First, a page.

|Ph.D Student||Balasha Tamir|
|Subject||Simulation-based Optimization of Actuated Traffic Signal|
|Department||Department of Civil and Environmental Engineering||Supervisor||Professor Tomer Toledo|
|Full Thesis text|
The design of traffic signal control has a profound impact on performance of urban traffic systems. Current traffic signal plans involve complex control logic and a large number of parameters that need to be set. However, little attention has been given to optimization and evaluation of these plans. Simulation-based signal optimization has been limited mainly due to the heavy computational burden associated with it.
This thesis presents the overall structure and the various components of a simulation-based system to optimize the parameters of complex actuated traffic signal plans. It focuses on a development of a mesoscopic traffic simulation - MESCOP (Mesoscopic Evaluation of Signal COntrol Plans). MESCOP is detailed enough to represent the characteristics of actuated traffic signal plans, including representation of the intersection layout and the detectors. The stochastic processes of arrival to the intersection and movement within it are also modeled in detail. The model represents passenger cars, transit vehicles and pedestrians. The system framework incorporates connection between MESCOP, traffic signal design and a genetic algorithm as the optimization method.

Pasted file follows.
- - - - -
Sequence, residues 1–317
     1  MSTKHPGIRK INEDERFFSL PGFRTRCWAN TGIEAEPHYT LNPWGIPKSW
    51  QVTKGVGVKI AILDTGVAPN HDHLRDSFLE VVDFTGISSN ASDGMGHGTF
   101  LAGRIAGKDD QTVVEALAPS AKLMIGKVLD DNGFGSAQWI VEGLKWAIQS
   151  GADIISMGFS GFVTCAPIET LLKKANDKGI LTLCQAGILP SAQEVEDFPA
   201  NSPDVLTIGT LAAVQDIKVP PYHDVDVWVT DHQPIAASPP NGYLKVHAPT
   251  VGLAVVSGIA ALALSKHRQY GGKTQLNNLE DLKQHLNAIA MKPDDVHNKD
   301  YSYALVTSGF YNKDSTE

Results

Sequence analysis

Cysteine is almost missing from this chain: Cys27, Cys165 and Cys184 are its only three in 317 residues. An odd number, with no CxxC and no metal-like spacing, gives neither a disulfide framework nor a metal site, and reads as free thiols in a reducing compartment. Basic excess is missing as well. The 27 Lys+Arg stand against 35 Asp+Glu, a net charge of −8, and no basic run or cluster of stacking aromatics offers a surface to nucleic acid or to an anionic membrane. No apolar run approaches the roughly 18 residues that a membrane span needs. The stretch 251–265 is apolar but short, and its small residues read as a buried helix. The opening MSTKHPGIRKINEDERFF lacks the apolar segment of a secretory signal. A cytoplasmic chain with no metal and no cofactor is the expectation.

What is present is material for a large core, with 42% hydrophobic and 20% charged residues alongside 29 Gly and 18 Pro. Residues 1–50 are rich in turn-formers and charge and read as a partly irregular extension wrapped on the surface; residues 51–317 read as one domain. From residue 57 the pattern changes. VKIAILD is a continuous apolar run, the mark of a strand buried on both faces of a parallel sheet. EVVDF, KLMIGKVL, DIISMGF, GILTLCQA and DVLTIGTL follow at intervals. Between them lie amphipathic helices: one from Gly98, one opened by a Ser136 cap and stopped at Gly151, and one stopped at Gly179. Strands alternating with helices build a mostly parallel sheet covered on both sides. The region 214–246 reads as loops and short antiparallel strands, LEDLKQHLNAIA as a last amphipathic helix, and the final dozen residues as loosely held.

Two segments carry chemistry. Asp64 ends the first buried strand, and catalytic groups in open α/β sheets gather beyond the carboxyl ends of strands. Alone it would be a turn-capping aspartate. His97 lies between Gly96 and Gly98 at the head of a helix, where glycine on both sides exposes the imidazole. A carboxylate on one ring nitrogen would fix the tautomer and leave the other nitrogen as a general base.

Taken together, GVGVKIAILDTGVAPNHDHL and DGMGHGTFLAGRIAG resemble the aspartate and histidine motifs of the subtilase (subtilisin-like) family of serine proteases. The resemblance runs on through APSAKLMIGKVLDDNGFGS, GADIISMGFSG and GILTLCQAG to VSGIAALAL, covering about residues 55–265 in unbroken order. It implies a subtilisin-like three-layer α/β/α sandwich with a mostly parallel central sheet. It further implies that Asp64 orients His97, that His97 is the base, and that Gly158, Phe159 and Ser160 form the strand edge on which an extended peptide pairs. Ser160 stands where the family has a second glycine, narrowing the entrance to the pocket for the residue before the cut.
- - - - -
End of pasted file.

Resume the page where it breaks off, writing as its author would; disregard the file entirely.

The Integrated system to optimize traffic signal plans is demonstrated with an application to a signalized intersection in Haifa, Israel. This intersection is controlled by an actuated traffic signal with transit priority and compensation and queue override mechanisms. The results indicate a large potential to improve the intersection performance, with a reduction of 28% in traffic delays compared to the parameter values set in the original design. Computationally, the results show that MESCOP is very efficient compared to microscopic traffic simulation models, which are often used for similar evaluations. It highlights the benefit of mesoscopic models especially for large scale networks and for optimization processes which require high number of simulation replications.
The system enables to analyze the impact of each parameter within the control plan on the intersection performance by conducting a sensitivity analysis. Local and global sensitivity analyses were applied in this study. The results show that several of the signal parameters do not have any noticeable effect on the model output and therefore can be eliminated from the optimization process in order to reduce its dimensionality.
Additional extensions that were examined include incorporating several secondary objectives and optimization under demand uncertainty. The results show their potential to address the specific needs of the design and to handle demand fluctuations and errors in the traffic measurements.
The system developed in this study is suitable for a wide variety of intersection layouts, performance measures and control strategies, and can help improve traffic signal designs.